Atorvastatin fails to reduce knee cartilage loss in osteoarthritis compared with placebo
Once-daily atorvastatin 40 mg fails to significantly reduce cartilage loss over 2 years in patients with symptomatic knee osteoarthritis, compared with placebo, according to data published in Arthritis & Rheumatology.
“Current [osteoarthritis (OA)] therapies have short-term, small to moderate effects on joint pain; there is no approved disease-modifying therapy slowing structural progression,” Yuanyuan Wang, PhD, of Monash University, in Melbourne, Australia, and colleagues wrote. “Increased levels of serum cholesterol are associated with incident bone marrow lesions, which play a role in the pathogenesis of knee OA. Statins, the most commonly prescribed and effective treatment for hypercholesterolemia, also target inflammatory and metabolic mechanisms, suggesting their potential for slowing the progression of knee OA.
“A recent meta-analysis of observational studies showed no significant association between any statin use and incidence or progression of knee OA, but use of atorvastatin was associated with reduced risk of OA in subgroup analysis,” they added. “There was significant heterogeneity among the studies in terms of study populations, definitions of statin use, OA outcomes, and length of follow-up and observational studies are subject to bias and confounding. Thus, a randomized controlled trial is needed to determine whether statins improve structural and symptomatic outcomes in knee OA.”
To examine whether atorvastatin reduces the loss of tibial cartilage volume, compared with placebo, among patients with symptomatic knee OA, Wang and colleagues conducted the Osteoarthritis of the Knee Statin (OAKS) study, a multicenter, randomized, double‐blind, placebo‐controlled trial. The researchers enrolled 304 adults aged 40 to 70 years, all with symptomatic knee OA for at least 6 months and a pain score of more than 20 mm on a 100 mm visual scale, from the OA Clinical Trial Network in Melbourne, Hobart and Adelaide, Australia. The study stretched from August 2013 to May 2018.
Among the participants, 151 were randomly assigned to a regimen of 40 mg of oral atorvastatin once daily, while the remaining 153 patients received a matching placebo. The primary endpoint was the annual percent change in tibial cartilage volume, as measured by MRI over 2 years. Secondary endpoints included the progression of cartilage defects and bone marrow lesions, also assessed using MRI, as well as change in Western Ontario and McMaster Universities Osteoarthritis Index (WOMAC) pain, stiffness and function over two years. A total of 248 participants completed the study.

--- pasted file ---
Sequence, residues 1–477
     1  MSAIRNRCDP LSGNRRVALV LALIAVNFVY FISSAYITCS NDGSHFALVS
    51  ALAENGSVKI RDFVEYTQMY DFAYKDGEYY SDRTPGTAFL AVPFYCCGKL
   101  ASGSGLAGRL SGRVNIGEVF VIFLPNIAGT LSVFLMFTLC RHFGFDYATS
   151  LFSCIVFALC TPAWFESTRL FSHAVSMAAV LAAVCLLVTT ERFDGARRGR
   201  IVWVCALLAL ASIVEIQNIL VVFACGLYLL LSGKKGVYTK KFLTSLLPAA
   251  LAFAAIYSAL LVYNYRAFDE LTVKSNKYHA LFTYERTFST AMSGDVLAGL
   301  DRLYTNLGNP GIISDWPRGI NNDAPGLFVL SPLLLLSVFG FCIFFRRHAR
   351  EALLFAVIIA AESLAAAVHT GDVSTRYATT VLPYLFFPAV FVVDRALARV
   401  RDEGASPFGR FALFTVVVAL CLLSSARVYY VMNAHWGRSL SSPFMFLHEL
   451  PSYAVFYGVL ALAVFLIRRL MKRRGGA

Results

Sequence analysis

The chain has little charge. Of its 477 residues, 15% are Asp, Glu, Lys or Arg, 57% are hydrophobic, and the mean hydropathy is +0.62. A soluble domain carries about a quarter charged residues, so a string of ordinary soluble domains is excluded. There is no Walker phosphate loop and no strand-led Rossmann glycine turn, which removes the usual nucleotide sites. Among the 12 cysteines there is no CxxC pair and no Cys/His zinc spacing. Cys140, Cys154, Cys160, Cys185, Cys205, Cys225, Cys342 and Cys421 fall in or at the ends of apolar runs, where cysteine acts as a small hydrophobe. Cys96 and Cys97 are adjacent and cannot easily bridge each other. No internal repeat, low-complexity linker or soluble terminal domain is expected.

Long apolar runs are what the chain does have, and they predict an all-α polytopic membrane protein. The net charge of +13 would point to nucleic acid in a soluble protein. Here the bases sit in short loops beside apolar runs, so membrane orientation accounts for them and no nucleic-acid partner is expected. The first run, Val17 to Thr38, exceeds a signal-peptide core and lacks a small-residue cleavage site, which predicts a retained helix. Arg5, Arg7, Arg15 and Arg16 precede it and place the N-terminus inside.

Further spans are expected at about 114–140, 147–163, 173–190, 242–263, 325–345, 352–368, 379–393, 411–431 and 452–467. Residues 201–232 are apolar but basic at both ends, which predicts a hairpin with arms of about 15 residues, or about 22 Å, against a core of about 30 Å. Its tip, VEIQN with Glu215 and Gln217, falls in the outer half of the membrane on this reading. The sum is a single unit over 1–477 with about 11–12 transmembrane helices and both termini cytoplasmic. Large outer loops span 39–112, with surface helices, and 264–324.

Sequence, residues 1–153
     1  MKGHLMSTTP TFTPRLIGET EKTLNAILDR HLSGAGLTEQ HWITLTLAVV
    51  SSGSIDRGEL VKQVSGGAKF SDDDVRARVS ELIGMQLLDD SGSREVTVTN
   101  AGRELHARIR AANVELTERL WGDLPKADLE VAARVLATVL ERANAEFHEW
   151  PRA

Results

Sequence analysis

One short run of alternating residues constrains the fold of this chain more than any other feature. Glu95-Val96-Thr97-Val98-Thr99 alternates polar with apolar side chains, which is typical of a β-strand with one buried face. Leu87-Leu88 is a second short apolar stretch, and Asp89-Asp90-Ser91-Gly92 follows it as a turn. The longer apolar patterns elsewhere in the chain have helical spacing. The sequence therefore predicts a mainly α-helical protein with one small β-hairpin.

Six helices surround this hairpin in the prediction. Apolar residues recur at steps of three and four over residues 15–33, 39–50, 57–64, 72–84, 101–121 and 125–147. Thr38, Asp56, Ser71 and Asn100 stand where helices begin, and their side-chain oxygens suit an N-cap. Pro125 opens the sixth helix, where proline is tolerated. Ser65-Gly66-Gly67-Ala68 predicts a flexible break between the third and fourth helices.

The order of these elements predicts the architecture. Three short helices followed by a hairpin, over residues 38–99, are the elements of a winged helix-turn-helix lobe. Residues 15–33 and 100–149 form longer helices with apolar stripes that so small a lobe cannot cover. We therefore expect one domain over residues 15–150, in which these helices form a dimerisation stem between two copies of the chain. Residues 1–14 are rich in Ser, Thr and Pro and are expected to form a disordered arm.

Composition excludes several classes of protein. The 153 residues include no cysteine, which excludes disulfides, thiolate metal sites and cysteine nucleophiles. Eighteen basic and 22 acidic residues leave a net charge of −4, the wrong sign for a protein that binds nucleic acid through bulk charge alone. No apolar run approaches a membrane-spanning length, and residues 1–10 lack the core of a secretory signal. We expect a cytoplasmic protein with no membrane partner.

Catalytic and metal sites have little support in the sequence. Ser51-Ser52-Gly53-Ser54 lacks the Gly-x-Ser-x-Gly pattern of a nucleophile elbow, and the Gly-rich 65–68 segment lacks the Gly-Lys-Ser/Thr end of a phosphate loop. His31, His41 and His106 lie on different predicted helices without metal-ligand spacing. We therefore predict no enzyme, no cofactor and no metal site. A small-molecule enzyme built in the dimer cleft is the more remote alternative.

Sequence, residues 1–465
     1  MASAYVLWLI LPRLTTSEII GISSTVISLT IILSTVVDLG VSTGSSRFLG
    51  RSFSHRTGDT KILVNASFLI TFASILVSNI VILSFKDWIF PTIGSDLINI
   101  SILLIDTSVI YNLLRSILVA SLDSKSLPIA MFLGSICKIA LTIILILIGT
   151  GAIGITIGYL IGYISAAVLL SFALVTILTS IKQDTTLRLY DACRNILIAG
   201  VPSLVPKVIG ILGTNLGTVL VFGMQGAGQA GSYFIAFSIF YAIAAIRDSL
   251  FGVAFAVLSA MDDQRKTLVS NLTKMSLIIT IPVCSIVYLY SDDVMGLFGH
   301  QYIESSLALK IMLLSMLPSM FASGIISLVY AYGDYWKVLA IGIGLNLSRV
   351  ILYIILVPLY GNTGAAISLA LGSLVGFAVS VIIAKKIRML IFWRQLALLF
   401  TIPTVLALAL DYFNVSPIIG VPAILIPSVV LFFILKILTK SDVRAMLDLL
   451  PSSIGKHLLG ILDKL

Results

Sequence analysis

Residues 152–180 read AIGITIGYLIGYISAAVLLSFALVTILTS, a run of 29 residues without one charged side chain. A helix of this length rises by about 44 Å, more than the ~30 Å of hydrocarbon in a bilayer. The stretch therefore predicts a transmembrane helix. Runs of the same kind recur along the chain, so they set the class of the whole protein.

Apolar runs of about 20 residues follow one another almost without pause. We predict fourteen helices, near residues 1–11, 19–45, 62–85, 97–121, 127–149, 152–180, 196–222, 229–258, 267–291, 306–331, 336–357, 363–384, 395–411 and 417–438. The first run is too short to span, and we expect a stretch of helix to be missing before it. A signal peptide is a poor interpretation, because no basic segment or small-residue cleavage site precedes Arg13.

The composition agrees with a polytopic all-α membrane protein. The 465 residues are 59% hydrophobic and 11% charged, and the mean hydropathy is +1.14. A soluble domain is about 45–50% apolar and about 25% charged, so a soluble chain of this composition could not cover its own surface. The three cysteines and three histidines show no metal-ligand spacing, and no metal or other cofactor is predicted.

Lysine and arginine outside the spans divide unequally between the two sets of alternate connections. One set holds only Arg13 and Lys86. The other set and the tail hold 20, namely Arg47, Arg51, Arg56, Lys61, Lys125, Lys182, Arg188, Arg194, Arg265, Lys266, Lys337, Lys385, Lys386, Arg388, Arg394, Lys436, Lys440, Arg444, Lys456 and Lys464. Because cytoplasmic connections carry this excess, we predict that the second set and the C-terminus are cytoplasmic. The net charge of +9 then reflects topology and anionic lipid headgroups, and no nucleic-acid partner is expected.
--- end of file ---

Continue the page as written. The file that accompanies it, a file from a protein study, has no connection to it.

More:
According to the researchers, annual changes in tibial cartilage volume did not significantly differ between the two treatment cohorts, with –1.66% for the atorvastatin group, compared with –2.17% for placebo (difference = 0.5%; 95%CI –0.17% to 1.17%). In addition, there were no significant differences in the progression of cartilage defects (OR = 0.86; 95% CI, 0.52-1.41) or bone marrow lesions (OR = 1; 95% CI, 0.62‐1.63).
Nor were there any significant differences regarding changes in pain, with –36 for atorvastatin compared with –29.5 for placebo (adjusted difference = –2.7; 95% CI, –27.1 to 21.7); stiffness, at –14.2 compared with –11.8 (–0.2; 95% CI, –12.2 to 11.8); or function, with –89.4 versus –87.5 (0.3; 95% CI, –83.1 to 83.6).
The incidence of adverse events was also similar between the groups, at 37.7% among patients treated with atorvastatin, compared with 34% for placebo.
“In this study we showed that among participants with symptomatic knee OA, oral atorvastatin 40 mg once daily, compared with placebo, did not significantly reduce knee cartilage volume loss over 2 years,” Wang and colleagues wrote. “These findings do not support the use of atorvastatin in the treatment of knee OA. However, based on the findings from the subgroup analysis, it may be that widespread use of statins in the management of cardiovascular disease has some benefit on reducing the progression of knee OA, and this is worthy of further targeted study.”